The city of Thornton is seeking approval from Larimer County to proceed with the first 10 miles of a crucial 70-mile water pipeline, which will provide water access to over 10,000 potential homes. The initial proposal was rejected by Larimer County commissioners, invoking state regulations on land use for large projects. Thornton has engaged in a public relations campaign to address concerns raised by residents along the pipeline route.
To accommodate neighbor objections, Thornton has adjusted the pipeline map, rerouting it away from homes and major roads. The new route primarily runs through farmland under Thornton’s control and parallels I-25. Thornton has also reduced the length of the pipeline within Larimer County by nearly 17 miles and moved a contentious pumping station further away from residential areas.
While Thornton has already obtained approvals in Weld County and received local support from various stakeholders, obtaining a permit from Larimer County is crucial for the project’s completion. In an effort to foster community engagement, Thornton directly communicated with approximately 400 nearby residents and held informative forums that attracted 180 participants.
Unlike the previous approach of designing the pipeline and then seeking feedback, Thornton sought public opinion upfront and incorporated it into the engineering process. The permit application includes precise details of the pipeline’s location and supporting structures for neighbors to assess potential impacts.
Additionally, Thornton has been in talks with the environmental advocacy group Save the Poudre/Save the Colorado, led by Gary Wockner. Wockner proposes an alternative plan that allows water rights to flow an additional 14 miles down the Poudre channel before being extracted by the pipeline, benefiting wildlife habitat and recreational activities. However, Thornton highlights concerns regarding contaminants accumulating in the water during this extended journey.
Thornton emphasizes its commitment to collaborating with conservation groups and municipalities to ensure river flows during critical periods. Although the renewed permit application addresses concerns raised during the first review, it remains uncertain how Larimer County’s planning department and commissioners will respond.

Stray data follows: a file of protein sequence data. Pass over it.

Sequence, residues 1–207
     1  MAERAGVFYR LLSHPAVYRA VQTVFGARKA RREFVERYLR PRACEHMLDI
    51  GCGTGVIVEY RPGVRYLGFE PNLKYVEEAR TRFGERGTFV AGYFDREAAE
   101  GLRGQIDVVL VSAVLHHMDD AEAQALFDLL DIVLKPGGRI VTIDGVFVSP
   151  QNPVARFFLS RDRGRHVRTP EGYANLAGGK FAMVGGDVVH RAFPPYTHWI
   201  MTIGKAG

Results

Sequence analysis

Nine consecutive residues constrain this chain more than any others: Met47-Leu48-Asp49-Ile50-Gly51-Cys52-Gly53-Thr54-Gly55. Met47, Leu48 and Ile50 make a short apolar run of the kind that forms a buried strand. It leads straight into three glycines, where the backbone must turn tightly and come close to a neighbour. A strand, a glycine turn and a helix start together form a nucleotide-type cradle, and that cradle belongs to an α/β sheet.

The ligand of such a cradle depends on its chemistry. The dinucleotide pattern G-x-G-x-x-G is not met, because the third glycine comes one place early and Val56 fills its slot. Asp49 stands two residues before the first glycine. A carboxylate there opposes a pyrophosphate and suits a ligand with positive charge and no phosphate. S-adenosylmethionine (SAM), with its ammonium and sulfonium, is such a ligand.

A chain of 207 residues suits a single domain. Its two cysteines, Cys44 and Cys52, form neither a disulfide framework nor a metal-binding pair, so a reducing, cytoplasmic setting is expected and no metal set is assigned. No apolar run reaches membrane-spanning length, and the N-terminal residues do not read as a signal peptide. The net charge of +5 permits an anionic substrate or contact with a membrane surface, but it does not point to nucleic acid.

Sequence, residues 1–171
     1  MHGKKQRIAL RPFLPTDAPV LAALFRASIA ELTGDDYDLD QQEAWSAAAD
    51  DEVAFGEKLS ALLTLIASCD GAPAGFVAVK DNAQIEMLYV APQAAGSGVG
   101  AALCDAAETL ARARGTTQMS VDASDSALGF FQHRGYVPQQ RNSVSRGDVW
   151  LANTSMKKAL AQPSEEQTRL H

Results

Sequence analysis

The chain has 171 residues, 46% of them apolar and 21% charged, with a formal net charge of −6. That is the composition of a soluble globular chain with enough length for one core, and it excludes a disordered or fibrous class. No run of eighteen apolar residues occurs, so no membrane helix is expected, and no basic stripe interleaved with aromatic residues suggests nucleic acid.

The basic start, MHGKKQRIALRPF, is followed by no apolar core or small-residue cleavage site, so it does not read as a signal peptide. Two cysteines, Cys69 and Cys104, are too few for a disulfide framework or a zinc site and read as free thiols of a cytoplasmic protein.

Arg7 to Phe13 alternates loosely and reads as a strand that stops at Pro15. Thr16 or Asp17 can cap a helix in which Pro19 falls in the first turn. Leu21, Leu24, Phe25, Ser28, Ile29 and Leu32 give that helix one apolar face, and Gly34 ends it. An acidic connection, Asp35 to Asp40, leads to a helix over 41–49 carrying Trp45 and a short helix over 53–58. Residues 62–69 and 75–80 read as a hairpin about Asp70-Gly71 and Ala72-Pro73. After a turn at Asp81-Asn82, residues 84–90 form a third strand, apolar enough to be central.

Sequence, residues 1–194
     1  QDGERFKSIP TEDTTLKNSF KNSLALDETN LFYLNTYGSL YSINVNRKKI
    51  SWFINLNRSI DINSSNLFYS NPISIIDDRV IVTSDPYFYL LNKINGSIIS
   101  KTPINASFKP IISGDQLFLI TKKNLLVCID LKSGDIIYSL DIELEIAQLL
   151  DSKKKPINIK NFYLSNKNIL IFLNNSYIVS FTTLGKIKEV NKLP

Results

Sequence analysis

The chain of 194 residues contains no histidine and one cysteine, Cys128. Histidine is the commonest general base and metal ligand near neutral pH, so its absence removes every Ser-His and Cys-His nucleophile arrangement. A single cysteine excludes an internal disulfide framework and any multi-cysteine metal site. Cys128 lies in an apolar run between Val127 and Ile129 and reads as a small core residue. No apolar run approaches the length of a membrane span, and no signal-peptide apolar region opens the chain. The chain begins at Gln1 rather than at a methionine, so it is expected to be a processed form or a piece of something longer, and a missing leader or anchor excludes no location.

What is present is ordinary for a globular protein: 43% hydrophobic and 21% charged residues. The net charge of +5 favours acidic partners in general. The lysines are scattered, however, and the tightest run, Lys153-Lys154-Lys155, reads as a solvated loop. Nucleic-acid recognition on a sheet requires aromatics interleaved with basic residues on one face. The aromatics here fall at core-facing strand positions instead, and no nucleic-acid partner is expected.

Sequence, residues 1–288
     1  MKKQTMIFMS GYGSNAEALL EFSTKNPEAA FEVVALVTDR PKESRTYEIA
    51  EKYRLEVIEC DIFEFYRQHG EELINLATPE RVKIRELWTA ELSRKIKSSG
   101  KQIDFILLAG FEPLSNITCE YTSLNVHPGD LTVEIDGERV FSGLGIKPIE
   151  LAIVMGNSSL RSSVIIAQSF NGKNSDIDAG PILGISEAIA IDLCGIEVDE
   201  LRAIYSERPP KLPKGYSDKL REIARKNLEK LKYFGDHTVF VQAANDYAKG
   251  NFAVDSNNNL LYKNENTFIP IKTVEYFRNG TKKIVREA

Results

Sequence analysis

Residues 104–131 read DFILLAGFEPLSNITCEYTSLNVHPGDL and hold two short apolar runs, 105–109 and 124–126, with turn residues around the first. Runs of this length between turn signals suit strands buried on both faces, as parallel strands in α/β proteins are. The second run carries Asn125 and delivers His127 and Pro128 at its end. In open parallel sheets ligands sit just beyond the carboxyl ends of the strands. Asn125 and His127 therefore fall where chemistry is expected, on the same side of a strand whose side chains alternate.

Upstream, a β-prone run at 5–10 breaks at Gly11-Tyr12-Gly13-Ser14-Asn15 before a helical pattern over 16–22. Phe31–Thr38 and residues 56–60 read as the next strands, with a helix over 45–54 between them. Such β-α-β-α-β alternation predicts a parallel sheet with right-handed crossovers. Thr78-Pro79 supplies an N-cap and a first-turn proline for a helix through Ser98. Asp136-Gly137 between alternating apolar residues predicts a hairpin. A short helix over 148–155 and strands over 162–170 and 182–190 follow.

The growing population of Thornton, projected to reach 240,000 by 2040, has heightened the urgency for securing water supplies. The city has encountered obstacles in granting plat approvals for housing projects due to insufficient water availability. Similar challenges have been faced by other municipalities along the Front Range in recent years.
Frequently Asked Questions (FAQ)
1. Why does Thornton need approval from Larimer County for the water pipeline?
Thornton’s pipeline project falls under Larimer County’s jurisdiction, as the county has the authority to review and grant permits for large-scale projects under state regulations.
2. How has Thornton addressed concerns raised by residents along the pipeline route?
Thornton has adjusted the pipeline map to avoid homes and major roads, primarily running through farmland under its control. The city has also engaged with residents through public forums to gather feedback and incorporate it into the project’s design.
3. What is Thornton’s response to the proposal from Save the Poudre/Save the Colorado?
While Thornton acknowledges the importance of preserving natural flow in waterways, the city cites concerns about the accumulation of contaminants during an extended journey down the Poudre channel. Thornton asserts that constructing a water treatment plant to address these contaminants would be significantly costlier than its current pipeline plan.
4. Why is securing Larimer County’s approval crucial for Thornton?
Larimer County’s approval is necessary for Thornton to complete the water pipeline project. Without it, the city cannot guarantee water supply to thousands of potential homes, which has resulted in the postponement of housing projects and hindered the city’s growth.
5. What other challenges have other municipalities faced regarding water supply?
Similar to Thornton, other municipalities along the Front Range have encountered limitations in securing adequate water supplies, impeding the approval of housing developments and population growth.